A top official at the European Medicines Agency says a decision on whether to recommend that Moderna’s COVID-19 vaccine be authorized for children is expected late next week
AMSTERDAM — A top official at the European Medicines Agency said a decision on whether to recommend that Moderna’s COVID-19 vaccine be authorized for children is expected late next week. If approved, it would be the first such license for the shot’s use in children globally.
“We expect that the committee will reach a conclusion by the end of next week,” he said.
Moderna’s vaccine was given the green light for use in anyone 18 and over across the 27-nation European Union in January. It has also been licensed in countries including Britain, Canada and the U.S., but so far its use has not been extended to children. To date, the vaccine made by Pfizer-BioNTech is the only one approved for children under 18 in Europe and North America.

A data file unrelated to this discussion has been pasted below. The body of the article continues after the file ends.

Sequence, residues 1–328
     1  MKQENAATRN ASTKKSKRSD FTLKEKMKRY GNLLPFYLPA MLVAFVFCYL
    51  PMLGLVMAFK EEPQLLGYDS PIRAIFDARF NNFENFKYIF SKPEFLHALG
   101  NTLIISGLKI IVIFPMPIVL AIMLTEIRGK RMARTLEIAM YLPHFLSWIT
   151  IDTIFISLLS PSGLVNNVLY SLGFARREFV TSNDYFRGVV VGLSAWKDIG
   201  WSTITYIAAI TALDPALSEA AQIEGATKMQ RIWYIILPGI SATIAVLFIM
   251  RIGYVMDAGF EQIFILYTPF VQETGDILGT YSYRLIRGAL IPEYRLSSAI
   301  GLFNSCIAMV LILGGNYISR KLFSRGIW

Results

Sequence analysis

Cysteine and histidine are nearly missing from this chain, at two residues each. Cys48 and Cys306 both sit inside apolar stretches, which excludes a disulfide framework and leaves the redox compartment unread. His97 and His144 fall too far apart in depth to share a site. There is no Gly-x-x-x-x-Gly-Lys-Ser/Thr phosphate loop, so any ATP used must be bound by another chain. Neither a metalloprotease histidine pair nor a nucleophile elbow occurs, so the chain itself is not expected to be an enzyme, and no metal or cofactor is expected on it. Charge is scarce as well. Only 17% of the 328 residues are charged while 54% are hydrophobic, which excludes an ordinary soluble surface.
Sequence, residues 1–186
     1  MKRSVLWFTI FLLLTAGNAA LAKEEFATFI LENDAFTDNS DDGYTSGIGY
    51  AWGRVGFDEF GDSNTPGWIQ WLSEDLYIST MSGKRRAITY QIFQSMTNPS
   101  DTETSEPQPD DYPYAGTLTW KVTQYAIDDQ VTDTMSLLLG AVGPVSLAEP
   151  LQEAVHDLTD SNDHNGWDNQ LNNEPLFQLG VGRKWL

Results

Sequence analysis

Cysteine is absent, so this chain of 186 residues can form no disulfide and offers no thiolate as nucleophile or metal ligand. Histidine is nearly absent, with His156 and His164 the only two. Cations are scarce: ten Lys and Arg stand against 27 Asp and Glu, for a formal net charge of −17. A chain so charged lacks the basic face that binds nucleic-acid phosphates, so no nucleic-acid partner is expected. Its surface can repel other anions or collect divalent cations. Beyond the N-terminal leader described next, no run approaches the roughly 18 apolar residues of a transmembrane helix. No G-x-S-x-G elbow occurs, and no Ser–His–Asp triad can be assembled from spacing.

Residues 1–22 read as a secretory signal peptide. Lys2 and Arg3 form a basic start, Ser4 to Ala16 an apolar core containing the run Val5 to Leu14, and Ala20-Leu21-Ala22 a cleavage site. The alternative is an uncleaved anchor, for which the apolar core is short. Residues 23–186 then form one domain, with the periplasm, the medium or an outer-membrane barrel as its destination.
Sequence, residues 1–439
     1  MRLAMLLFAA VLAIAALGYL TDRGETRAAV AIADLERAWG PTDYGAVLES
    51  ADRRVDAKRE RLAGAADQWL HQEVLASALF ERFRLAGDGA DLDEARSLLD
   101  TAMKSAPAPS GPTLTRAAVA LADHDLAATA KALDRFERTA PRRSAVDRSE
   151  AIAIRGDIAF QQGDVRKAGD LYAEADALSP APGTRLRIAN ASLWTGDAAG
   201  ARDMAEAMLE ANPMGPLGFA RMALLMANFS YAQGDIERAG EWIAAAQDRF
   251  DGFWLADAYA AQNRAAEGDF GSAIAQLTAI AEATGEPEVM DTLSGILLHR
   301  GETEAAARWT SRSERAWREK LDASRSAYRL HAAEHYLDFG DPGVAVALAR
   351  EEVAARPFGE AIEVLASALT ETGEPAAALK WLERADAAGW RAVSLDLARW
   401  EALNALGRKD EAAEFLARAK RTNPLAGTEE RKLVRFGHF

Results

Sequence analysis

The EMA said last week there was a “ possible link ” between the vaccines made by Moderna and Pfizer-BioNTech to very rare cases of chest and heart inflammation, mostly in younger adult men. They said the effects were mostly temporary and that the benefits of vaccination still far outweighed the risks of COVID-19.
Last week, European Commission President Ursula von der Leyen said the EU has now delivered enough vaccines to immunize 70% of its adult population and many countries are looking to inoculate children, despite the significantly lower risk they face from COVID-19.
Although Britain’s regulatory agency has authorized the Pfizer-BioNTech vaccine for children, its vaccine advisory group has yet to recommend that teens be immunized. Moderna has also filed for its vaccine to be licensed for younger teens and children in the U.S.
In June, WHO’s vaccines director Dr. Kate O’Brien said that vaccinating children against COVID-19 is “not a high priority” given the extremely limited vaccine supplies globally. While more than 3 billion doses of COVID-19 shots have been administered, fewer than 2% have been in poor countries, where the easier-to-spread delta variant is now fueling explosive surges.